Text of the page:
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Task parallelism (also known as function parallelism and control parallelism) is a form of parallelization of computer code across multiple processors in parallel computing environments. Task parallelism focuses on distributing execution processes (threads) across different parallel computing nodes. It contrasts to data parallelism as another form of parallelism.
In a multiprocessor system, task parallelism is achieved when each processor executes a different thread (or process) on the same or different data. The threads may execute the same or different code. In the general case, different execution threads communicate with one another as they work. Communication usually takes place by passing data from one thread to the next as part of a workflow.
As a simple example, if we are running code on a 2-processor system (CPUs "a" & "b") in a parallel environment and we wish to do tasks "A" and "B", it is possible to tell CPU "a" to do task "A" and CPU "b" to do task 'B" simultaneously, thereby reducing the run time of the execution. The tasks can be assigned using conditional statements as described below.
Task parallelism emphasizes the distributed (parallelized) nature of the processing (i.e. threads), as opposed to the data (data parallelism). Most real programs fall somewhere on a continuum between task parallelism and data parallelism.
The pseudocode below illustrates task parallelism:
program: ... if CPU="a" then do task "A" else if CPU="b" then do task "B" end if ... end program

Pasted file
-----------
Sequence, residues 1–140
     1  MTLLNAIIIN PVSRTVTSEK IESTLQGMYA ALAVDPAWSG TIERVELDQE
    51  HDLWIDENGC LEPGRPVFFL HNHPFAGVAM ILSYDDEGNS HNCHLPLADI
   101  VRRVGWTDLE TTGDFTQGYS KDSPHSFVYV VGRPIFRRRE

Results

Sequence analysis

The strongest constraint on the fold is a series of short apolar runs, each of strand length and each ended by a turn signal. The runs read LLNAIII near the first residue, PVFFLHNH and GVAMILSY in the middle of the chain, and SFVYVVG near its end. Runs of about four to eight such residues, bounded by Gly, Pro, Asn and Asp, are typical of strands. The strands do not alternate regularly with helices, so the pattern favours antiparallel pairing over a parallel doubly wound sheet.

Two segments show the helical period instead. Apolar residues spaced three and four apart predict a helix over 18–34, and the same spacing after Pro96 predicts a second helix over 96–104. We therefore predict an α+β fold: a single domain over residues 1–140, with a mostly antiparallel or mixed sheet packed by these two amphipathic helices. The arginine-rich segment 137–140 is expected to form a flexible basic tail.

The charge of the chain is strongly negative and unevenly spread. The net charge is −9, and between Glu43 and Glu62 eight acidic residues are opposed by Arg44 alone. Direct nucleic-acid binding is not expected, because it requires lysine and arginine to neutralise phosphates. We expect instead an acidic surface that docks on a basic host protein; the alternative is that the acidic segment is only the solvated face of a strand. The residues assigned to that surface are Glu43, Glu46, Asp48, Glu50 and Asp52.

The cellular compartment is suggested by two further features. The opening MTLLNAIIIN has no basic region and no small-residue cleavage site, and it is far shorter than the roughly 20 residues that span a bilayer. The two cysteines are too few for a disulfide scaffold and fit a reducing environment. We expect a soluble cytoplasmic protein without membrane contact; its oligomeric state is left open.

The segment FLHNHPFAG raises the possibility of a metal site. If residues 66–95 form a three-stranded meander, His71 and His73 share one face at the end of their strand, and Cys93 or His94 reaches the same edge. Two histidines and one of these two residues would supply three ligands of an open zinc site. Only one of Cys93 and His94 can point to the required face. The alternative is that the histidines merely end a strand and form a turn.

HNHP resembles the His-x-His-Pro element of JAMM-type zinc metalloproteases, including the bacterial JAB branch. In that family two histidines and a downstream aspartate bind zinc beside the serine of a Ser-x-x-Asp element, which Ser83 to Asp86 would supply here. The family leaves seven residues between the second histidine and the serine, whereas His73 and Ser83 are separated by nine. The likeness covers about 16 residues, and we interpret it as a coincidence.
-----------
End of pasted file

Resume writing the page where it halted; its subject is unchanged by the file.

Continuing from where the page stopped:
The goal of the program is to do some net total task ("A+B"). If we write the code as above and launch it on a 2-processor system, then the runtime environment will execute it as follows.
- In an SPMD system, both CPUs will execute the code.
- In a parallel environment, both will have access to the same data.
- The "if" clause differentiates between the CPU's. CPU "a" will read true on the "if" and CPU "b" will read true on the "else if", thus having their own task.
- Now, both CPU's execute separate code blocks simultaneously, performing different tasks simultaneously.
Code executed by CPU "a":
program: ... do task "A" ... end program
Code executed by CPU "b":
program: ... do task "B" ... end program
This concept can now be generalized to any number of processors.
Examples of (fine-grained) task-parallel languages can be found in the realm of Hardware Description Languages like Verilog and VHDL, which can also be considered as representing a "code static" software paradigm where the program has a static structure and the data is changing - as against a "data static" model where the data is not changing (or changing slowly) and the processing (applied methods) change (e.g. database search).[clarification needed]
- Quinn Michael J, Parallel Programming in C with MPI and OpenMP McGraw-Hill Inc. 2004. ISBN 0-07-058201-7
- D. Kevin Cameron coined terms "data static" and "code static".